Reversing the current trend will require a combination of economic pressures and fashion. Some economic pressure is starting to come from the increasing cost and scarcity of critical materials such as the Rare Earth Elements (REEs) (see TCE Dec. 2010/Jan.2011, pp.33-35), heightened by China’s limitations on exports of REEs. Manufacturers of products dependent on scarce elements have an increasing incentive to recover materials when their products reach the end of their service lives. This goes beyond the approach of mandating return or “take-back” of used products, embodied in European Directives such as those covering Waste Electrical and Electronic Equipment (WEEE) and End-of-Life Vehicles (ELVs), introduced at a time when economic pressures encouraging take-back were missing. Increasing material scarcity will drive the move towards providing products on a lease or sale-and-return basis, moving towards one of the holy grails of industrial ecology: providing services rather than selling products.
Free-market economists argue that resource pricing via “the market” must be the driver or else the shift in business models will not succeed. Those who are less convinced of the virtue of a free market, maybe even thinking that a globalised market is one of the main processes which has brought the human economy into conflict with the environment, point out that one of the things Governments can do is intervene in the market, most obviously by fiscal measures – i.e. taxation. The current approach, not just in the UK, is to tax labour rather than use of non-renewable resources, representing economic pressure in diametrically the wrong direction. Measures like the European Emission Trading System (ETS) represent hesitant moves towards taxing resources (in this case, the carrying capacity of the atmosphere and biosphere) and have arguably been too weak to have any serious effect in driving restructuring. An area of current debate among economists is ecological tax reform – shifting the tax base to resource use and environmental impact rather than labour. Such measures are generally opposed by established industries but need not be politically unthinkable if it is made clear that the changes should be revenue-neutral, i.e. not increasing total tax revenues.
Where would this leave developing economies? From a global perspective, everybody would benefit if they developed in ways which embed material efficiency. Closed-loop material use along with industrial symbiosis – co-locating or connecting industries so that a waste or co-product from one becomes an input to another – are established bases for planning development in, for example, China and South Korea. Economic development based on exploiting primary resources will be helped if greater value is attached to those resources, but only if the added value accrues to the developing economy rather than a multinational developer; this implies further questions about the role of a globalised market.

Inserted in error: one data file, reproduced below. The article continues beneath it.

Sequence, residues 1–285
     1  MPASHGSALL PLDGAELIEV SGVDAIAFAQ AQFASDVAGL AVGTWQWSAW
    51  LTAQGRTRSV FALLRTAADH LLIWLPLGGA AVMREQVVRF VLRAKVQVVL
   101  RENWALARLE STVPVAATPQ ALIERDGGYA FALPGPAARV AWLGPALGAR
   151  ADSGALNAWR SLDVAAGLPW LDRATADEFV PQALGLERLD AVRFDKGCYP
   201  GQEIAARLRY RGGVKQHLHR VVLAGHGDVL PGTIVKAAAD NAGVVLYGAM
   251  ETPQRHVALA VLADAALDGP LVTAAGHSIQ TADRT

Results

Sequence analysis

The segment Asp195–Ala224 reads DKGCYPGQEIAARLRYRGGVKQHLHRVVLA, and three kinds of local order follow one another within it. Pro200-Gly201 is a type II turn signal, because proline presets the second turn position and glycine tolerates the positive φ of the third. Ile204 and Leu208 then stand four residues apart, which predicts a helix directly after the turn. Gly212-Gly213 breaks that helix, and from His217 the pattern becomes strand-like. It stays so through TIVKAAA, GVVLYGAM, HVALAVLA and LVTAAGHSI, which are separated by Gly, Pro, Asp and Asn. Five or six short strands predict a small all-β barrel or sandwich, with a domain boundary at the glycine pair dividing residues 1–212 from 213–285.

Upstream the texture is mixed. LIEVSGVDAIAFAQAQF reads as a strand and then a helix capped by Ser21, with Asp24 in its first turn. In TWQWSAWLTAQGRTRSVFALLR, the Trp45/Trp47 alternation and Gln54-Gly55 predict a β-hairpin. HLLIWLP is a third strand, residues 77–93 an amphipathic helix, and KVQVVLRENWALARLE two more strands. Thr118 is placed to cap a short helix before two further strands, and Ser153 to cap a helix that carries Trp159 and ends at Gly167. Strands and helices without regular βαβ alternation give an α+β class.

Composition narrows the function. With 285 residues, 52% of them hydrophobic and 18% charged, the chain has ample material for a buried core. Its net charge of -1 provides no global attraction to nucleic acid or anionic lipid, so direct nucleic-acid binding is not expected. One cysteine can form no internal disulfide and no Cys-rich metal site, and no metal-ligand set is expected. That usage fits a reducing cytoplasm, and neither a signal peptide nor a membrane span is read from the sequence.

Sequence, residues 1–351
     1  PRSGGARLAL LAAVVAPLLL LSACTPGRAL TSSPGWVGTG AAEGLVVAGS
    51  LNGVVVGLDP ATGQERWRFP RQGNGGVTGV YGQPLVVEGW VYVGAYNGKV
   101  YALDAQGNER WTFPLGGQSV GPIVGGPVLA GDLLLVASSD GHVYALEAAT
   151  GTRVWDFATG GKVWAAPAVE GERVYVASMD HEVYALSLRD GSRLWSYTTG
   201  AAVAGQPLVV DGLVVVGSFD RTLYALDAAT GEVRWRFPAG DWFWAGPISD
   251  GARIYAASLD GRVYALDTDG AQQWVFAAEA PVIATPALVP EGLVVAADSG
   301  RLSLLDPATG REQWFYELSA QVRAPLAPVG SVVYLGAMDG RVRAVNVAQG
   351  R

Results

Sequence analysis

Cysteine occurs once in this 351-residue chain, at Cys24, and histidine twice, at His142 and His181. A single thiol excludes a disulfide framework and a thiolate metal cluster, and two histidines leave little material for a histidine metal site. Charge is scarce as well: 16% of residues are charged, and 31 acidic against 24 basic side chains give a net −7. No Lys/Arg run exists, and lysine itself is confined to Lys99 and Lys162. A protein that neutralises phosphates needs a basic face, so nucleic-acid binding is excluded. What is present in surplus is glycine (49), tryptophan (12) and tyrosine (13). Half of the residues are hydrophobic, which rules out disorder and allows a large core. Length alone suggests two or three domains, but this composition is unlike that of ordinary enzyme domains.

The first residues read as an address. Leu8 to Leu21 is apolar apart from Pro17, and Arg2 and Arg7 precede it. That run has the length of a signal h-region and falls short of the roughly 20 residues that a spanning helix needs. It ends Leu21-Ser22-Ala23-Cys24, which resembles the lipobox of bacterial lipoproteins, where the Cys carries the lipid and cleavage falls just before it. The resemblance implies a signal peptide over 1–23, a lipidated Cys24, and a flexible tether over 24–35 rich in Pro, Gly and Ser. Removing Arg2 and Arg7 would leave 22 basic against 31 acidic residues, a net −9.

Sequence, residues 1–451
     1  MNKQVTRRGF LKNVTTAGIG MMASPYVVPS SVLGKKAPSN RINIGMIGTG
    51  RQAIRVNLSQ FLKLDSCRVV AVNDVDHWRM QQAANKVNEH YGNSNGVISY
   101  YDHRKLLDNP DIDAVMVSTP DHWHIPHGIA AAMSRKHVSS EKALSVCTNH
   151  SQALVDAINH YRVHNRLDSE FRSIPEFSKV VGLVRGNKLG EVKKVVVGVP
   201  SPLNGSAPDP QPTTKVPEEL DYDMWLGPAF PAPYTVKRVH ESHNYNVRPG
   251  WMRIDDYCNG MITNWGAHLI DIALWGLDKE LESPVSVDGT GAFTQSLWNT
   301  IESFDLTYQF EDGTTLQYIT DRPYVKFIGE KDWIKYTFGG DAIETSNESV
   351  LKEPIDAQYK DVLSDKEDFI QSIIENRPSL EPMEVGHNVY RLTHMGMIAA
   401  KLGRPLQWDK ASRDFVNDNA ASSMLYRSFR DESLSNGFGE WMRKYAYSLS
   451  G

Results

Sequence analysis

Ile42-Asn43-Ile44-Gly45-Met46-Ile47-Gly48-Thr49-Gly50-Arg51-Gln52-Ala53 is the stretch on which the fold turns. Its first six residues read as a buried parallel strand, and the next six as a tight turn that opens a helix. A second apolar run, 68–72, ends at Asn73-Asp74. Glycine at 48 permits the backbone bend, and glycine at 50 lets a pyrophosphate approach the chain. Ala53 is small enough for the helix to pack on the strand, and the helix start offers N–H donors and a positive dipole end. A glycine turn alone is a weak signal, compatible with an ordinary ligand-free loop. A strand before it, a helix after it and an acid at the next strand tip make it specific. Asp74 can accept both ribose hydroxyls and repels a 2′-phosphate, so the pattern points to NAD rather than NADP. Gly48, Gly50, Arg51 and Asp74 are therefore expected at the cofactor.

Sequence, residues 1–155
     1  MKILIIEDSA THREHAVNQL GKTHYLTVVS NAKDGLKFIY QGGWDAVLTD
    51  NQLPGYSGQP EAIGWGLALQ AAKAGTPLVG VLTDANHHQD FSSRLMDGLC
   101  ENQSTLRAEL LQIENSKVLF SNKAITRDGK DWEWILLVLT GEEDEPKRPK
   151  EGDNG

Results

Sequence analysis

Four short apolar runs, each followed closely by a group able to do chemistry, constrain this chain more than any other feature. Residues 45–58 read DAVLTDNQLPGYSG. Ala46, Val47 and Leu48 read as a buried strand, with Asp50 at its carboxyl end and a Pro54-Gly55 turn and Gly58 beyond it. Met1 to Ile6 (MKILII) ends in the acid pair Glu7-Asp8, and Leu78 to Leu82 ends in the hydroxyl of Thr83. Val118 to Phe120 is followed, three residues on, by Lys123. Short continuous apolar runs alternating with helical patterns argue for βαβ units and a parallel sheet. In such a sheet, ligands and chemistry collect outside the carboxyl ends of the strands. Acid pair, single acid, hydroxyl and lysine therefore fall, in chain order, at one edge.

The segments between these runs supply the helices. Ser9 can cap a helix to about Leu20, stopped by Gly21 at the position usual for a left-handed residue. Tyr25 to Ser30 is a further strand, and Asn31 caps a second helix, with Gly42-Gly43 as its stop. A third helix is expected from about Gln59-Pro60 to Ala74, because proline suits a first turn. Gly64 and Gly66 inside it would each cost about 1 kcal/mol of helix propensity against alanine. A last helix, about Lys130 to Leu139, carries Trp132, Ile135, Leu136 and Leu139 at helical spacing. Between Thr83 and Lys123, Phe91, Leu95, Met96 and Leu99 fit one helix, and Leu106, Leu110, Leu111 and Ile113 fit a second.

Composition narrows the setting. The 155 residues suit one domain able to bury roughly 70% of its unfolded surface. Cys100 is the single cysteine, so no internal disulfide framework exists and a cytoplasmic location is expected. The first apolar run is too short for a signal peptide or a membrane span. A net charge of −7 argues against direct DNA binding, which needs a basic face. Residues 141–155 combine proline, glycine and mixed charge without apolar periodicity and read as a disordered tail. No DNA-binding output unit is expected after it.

A more closed-loop economy is a necessary part of sustainability but will need both political will and changes in popular fashion.
• Julian Allwood is Senior Lecturer in Engineering at the University of Cambridge where he leads the Low Carbon and Materials Processing group; he is currently an EPSRC Leadership Fellow, and has been appointed Lead Author for work on mitigation in industry for the 5th Assessment Report of the Intergovernmental Panel on Climate Change, due in 2014.
Re-use and recycling
e1 Energy input per tonne of material re-used.
e2 Energy input per tonne of material recycled.
e3 Energy input per tonne of primary material
f1 Fraction of post-use material recovered and re-used
f2 Fraction of post-use material recovered and recycled
p Annual flow of material entering use
q Annual flow of post-use waste. (Note: for a mature sector, q ≈ p)
S Stock of material in use
1. Stahel, W.R. “The Performance Economy”, Palgrave-MacMillan, 2nd edition, 2010
2. Clift, R. “Clean Technology and Industrial Ecology”, in Pollution – Causes, Effects and Control, ed. R.M.Harrison, Royal Society of Chemistry, pp. 411-444, 2001.
3. Allwood, J.M., Cullen, J.M. & Milford, R.L., “Options for achieving a 50% cut in industrial carbon emissions by 2050”, Environ. Sci. Technol. 44, 1888-1894, 2010
4. Allwood, J.M., Ashby, M.F., Gutowski, T.G. & Worrell, E., “Material efficiency: a white paper”, Resources, Conservation & Recycling 55, 362-381, 2011